Why wouldn’t every company implement an effective Pay For Performance plan?
This is a concept that is an integral part of the American dream; the harder you work, the more money you make. For many of us, how well we are compensated for the job we do plays a major role in how we define ourselves. It also determines our motivation to improve our performance – or not. By definition, incentive compensation payouts are based on achievement of a predetermined set of objectives, milestones, or targets in order to motivate employees and align their actions with a company’s goals. If the results are achieved, then there’s a payout. Pay-for-performance plans are common in sales force compensation packages as well as in bonus programs for top executives. So if incentive plans are successful in these areas, when should they be applied to a broader range of employees? In my work with clients, and in my ongoing compensation research, I am actually seeing the trend of expanded pay-for-performance plans due to the many benefits a well-designed plan can deliver.
Pros of Adopting a “Pay For Performance” Mindset
Align employee’s actions with the interests of the company. What aspect of the business do you need to improve? Customer service? Productivity? Business processes? A pay-for performance plan is an excellent way to focus your employee’s actions on the areas that need attention. They are a tool that can be used to shine a spotlight on key company priorities and business drivers.
Attract and Retain Talent. A critical business objective for every company, well-designed pay-for-performance plans help companies compete for the talent they need and communicate company priorities and critical business objectives to employees.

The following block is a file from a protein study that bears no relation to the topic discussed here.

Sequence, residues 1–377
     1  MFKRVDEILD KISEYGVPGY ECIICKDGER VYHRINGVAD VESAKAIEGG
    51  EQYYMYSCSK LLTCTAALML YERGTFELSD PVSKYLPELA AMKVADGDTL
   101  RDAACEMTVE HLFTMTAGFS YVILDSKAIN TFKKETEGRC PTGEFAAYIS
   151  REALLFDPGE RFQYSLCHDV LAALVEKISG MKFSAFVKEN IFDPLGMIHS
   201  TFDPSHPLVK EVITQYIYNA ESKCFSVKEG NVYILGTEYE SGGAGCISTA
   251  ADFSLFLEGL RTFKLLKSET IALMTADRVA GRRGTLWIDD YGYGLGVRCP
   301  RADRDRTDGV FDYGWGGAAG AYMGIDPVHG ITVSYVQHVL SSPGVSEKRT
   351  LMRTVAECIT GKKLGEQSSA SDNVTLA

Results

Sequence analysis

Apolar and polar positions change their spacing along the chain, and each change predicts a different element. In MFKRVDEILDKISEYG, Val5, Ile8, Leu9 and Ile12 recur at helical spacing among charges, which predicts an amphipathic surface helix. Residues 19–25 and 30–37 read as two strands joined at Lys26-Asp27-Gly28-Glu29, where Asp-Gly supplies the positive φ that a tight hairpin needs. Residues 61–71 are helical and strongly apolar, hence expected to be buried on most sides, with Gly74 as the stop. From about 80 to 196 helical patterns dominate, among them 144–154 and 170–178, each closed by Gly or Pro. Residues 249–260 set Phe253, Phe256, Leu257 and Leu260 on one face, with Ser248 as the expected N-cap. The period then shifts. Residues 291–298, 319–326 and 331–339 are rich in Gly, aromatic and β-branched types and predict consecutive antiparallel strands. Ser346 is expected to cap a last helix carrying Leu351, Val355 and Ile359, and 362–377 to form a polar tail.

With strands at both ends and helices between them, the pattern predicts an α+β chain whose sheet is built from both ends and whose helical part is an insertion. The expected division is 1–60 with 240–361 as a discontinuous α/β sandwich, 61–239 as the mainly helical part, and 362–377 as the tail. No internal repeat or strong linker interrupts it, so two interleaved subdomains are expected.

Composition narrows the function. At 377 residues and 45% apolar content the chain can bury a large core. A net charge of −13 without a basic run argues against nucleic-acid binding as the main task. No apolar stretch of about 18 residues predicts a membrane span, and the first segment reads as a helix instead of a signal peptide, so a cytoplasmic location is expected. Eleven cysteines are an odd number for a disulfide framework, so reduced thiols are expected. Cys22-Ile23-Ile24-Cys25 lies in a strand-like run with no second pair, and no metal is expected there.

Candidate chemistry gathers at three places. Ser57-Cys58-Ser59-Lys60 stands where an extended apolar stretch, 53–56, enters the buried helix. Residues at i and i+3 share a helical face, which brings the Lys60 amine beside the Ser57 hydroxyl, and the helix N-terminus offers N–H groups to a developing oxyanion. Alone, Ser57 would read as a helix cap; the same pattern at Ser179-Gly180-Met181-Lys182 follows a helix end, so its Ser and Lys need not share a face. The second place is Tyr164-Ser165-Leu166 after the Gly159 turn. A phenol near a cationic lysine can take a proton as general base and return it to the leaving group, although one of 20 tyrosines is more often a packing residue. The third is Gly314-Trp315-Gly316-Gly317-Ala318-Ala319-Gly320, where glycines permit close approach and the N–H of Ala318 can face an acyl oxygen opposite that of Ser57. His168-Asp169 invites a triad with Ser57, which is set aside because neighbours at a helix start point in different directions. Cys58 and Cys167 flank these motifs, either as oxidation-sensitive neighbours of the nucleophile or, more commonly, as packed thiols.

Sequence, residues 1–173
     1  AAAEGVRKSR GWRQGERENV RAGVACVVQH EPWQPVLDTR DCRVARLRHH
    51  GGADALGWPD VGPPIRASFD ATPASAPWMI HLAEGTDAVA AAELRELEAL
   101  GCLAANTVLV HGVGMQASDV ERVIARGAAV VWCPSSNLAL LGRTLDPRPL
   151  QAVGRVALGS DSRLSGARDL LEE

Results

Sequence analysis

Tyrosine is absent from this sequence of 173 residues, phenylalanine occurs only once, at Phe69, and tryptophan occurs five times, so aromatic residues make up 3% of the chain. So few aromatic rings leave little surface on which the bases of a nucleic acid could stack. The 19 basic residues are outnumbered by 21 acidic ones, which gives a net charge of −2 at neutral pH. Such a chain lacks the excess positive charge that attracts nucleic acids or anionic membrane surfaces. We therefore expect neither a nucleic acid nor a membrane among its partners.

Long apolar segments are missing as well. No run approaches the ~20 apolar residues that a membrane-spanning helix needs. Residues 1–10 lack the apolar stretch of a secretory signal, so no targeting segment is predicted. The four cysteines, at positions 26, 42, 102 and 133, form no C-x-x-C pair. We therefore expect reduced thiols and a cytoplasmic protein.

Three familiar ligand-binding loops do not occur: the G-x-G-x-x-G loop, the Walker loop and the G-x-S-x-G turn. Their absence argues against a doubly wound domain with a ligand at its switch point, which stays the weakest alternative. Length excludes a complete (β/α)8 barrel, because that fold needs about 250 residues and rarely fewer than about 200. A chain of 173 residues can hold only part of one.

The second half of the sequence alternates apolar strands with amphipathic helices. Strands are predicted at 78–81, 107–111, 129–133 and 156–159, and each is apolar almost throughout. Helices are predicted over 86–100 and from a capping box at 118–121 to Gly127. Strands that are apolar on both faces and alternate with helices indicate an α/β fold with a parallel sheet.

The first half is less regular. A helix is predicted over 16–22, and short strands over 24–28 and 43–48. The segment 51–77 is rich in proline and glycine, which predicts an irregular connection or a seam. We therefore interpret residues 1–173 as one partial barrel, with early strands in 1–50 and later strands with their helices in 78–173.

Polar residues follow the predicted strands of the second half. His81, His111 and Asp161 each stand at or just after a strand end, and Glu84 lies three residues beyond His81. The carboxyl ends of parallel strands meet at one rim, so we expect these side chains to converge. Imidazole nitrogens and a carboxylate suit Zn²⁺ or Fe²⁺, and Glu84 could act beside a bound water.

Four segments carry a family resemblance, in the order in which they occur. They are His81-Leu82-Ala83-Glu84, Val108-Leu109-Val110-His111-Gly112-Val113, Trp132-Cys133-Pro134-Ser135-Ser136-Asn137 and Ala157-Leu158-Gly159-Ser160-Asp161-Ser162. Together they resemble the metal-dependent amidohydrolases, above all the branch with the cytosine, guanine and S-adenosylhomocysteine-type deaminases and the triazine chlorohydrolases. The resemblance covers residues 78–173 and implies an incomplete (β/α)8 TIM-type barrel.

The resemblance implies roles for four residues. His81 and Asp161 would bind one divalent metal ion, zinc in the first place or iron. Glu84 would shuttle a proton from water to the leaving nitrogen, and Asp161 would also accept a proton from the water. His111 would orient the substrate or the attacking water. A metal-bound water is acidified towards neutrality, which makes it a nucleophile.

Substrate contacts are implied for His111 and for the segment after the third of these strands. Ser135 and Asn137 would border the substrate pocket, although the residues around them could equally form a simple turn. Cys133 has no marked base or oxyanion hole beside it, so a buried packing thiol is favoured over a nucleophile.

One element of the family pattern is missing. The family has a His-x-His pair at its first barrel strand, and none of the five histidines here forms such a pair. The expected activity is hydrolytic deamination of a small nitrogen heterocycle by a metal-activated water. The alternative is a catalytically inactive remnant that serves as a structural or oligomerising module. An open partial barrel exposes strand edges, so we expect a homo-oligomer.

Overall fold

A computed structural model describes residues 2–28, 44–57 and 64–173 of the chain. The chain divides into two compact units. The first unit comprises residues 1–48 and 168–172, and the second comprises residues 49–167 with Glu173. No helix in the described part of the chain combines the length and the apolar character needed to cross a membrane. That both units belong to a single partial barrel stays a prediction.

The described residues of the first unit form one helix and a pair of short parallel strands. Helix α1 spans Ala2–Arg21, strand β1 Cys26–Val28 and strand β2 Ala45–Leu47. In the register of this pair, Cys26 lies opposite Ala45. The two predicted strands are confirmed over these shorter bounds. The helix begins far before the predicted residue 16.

Give employees a stake in the company’s success. Obviously employees realize that performing their job well helps the company do well, but the company’s success can be too far removed from the daily activity of the employee to be a motivating factor. A pay-for- performance plan can bring the interests of the employee closer to the interest of the company.
Cost control. Although not as important as the factors mentioned above, one cannot ignore that pay-for-performance plan mitigate financial risk for the company. Since these plans are tied to performance, they are effective cost control mechanisms. In addition, pay-for-performance payouts are not added to base pay, and thus don’t generate the compound growth of fixed-costs that base pay increases do.
Given all of those potential benefits, why wouldn’t every company implement an effective pay-for-performance plan? As with any powerful tool, pay-for-performance plans have a learning curve and require regular maintenance. If misapplied, they can do more harm than good. Employers need to be sure the plan does not end up demoralizing the employees. So, whether you are implementing a pay-for-performance plan for the first time, or trying to improve the effectiveness of an existing plan, read more in my article published for the Maryland Association of Certified Public Accountants monthly publication Statement.